The Randall Museum in San Francisco hosts a large HO-scale model model railroad. Created by the Golden Gate Model Railroad Club starting in 1961, the layout was donated to the Museum in 2015. Since then I have started automatizing trains running on the layout. I am also the model railroad maintainer. This blog describes various updates on the Randall project and I maintain a separate blog for all my electronics not directly related to Randall.
2020-03-07 - Automated Single Loop RunCategory Randall
Just a little brainstorming session here. One thing I’d like to add to the automation is an automated single loop run; that is place an engine which is not under normal automation, and let the computer run it for one loop, without deactivating the automation. It would have to coordinate between the two, to make sure the transient engine can only run on the shared mainline when available.
The JMRI program has block detection for both blocks B310 and B311. B310 is the “first track” and B311 is the “second track”, and the blocks start in front of the Stockton Station.
We have the Automated Freight Train parked and waiting on B311. Saturday Operators use the B310 track to run on the mainline.
In this example, I place my TGV #537 on the outside mainline track and I want it to run. Today, we have some provision for that, using the “manual” mode. It works by bringing a train to block B320 and waiting for both automated mainline trains to go in wait/idle mode. The automation changes to “manual” mode, aligns the Sonora turnout, and it is up to the operator to start and run its train. Once a train reaches Summit block B370 and then clears it by entering B380, it releases the manual mode, and automation can start again.
What I want is the same, except the run would be automated.
I can see this working in a full automated fashion as such:
- Enter the DCC address to run in the automation computer; that could be done for example by selecting it using the tablet and entering a 537 address somewhere along with a desired initial speed, e.g. “12 out of 28”.
- I manually prepare turnout T30 to be aligned for the outside mainline so that the train can be ready when it completes its loop. I also manually check all other mainline turnouts.
- I manually bring my train to block B310 and stop it. That’s the signal this is “ready to go”.
- If an automated train is running on the mainline, the automation would wait for it to come back at the main station and enter idle mode.
- Once automated mainline engines are idle, the TGV starts at the desired speed automatically.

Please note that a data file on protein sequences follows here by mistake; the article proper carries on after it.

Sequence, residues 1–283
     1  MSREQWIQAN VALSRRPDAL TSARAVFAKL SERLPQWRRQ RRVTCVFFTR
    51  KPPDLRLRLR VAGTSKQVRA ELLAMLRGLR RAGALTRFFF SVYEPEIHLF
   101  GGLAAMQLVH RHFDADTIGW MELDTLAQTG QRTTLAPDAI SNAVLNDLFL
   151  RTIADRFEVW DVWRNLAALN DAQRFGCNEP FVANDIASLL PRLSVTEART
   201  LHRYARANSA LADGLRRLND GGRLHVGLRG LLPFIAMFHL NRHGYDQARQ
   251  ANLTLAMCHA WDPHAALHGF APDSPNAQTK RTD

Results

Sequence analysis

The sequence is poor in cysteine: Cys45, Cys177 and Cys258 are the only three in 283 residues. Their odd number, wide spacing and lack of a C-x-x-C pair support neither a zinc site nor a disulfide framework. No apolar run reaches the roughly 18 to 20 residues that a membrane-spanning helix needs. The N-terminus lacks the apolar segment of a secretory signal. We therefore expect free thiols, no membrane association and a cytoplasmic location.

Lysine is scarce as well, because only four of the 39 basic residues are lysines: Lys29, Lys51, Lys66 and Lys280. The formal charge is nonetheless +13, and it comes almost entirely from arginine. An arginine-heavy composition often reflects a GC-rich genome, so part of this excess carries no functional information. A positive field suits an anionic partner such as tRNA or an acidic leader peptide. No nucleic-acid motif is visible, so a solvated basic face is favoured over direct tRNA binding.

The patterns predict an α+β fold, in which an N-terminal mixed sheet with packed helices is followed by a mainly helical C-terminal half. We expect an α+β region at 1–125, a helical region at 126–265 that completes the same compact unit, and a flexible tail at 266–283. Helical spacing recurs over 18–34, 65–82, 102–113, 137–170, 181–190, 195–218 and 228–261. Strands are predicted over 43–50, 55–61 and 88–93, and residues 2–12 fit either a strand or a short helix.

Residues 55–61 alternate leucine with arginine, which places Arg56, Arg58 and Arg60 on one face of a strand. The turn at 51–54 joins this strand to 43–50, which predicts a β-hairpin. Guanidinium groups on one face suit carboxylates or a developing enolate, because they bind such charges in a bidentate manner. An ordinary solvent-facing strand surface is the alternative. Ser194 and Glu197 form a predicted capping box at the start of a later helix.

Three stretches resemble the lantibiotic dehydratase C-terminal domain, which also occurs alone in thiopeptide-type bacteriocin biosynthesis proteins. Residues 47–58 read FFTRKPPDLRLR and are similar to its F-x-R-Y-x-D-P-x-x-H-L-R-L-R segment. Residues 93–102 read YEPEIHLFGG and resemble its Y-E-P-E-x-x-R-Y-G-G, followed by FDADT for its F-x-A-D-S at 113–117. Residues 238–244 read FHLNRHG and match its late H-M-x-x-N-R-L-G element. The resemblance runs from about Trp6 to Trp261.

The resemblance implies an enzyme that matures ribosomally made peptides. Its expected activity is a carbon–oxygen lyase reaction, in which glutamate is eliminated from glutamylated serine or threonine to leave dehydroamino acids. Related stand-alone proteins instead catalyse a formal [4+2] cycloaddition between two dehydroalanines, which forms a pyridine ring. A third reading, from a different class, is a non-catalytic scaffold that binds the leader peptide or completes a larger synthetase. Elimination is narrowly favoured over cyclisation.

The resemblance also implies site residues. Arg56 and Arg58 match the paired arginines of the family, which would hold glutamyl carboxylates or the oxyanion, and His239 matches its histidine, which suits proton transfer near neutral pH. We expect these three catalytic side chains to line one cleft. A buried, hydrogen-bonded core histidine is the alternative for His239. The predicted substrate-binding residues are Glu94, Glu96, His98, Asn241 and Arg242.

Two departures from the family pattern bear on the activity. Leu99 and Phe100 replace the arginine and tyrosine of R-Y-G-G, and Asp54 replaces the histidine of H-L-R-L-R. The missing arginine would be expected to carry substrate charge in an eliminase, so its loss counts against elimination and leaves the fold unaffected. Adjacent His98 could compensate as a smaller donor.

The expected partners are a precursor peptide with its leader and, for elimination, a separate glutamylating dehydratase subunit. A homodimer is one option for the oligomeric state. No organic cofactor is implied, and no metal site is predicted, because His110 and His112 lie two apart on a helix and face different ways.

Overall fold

- Once the TGV reaches blocks B370/B380 as of today, it releases the automated engines who can start running.
- The automation would only set the initial speed, not enforce it for the whole duration. The operator has full control of the train and it’s his responsibility to ensure it runs properly
- It is also the responsibility of the operator to make sure turnout T30 is aligned for the outside mainline when going back to the station.
- Once a train reaches B310 again, the automation kicks in and stops it.
- At that point, the cycle starts over, e.g. the automation waits for any automated mainline trains to go back till the transient loop train can run. If there are none, it can start again.
There are a few caveats here. First only one such train can run on the loop. Mostly because the automation operates in a “blind” mode. There’s no transponding, so it’s impossible to read an engine number on a block. And there are currently no block sensors for anything except the automated part of the mountain.
Another issue is potentially overrunning the block when stopping a train like the TGV with long momentum. Luckily, block B310 is fairly long (easily 4 yards probably or more), so that probably works fine.
Last by not least, this can encourage sloppy behavior from operators not monitoring their trains. We already have too much of that during Saturday Ops, and bringing in automated runs make that even worse. In particular here, I can see the train going too fast when reaching back to the Stockton Yard.
This is another case that in Conductor 2 I’d hope to adjust with profiles. In my ideal scenario, the automation would have a complete coverage of the mainline blocks, could adjust the train speed for every block, and could monitor when a train fails to move to the next block in a timely fashion (meaning a derailment or stall occured). There could even be a “record mode” here where the automation records the speed of a train in each block as driven by a manual operator, thus creating a “profile” and then replicates it.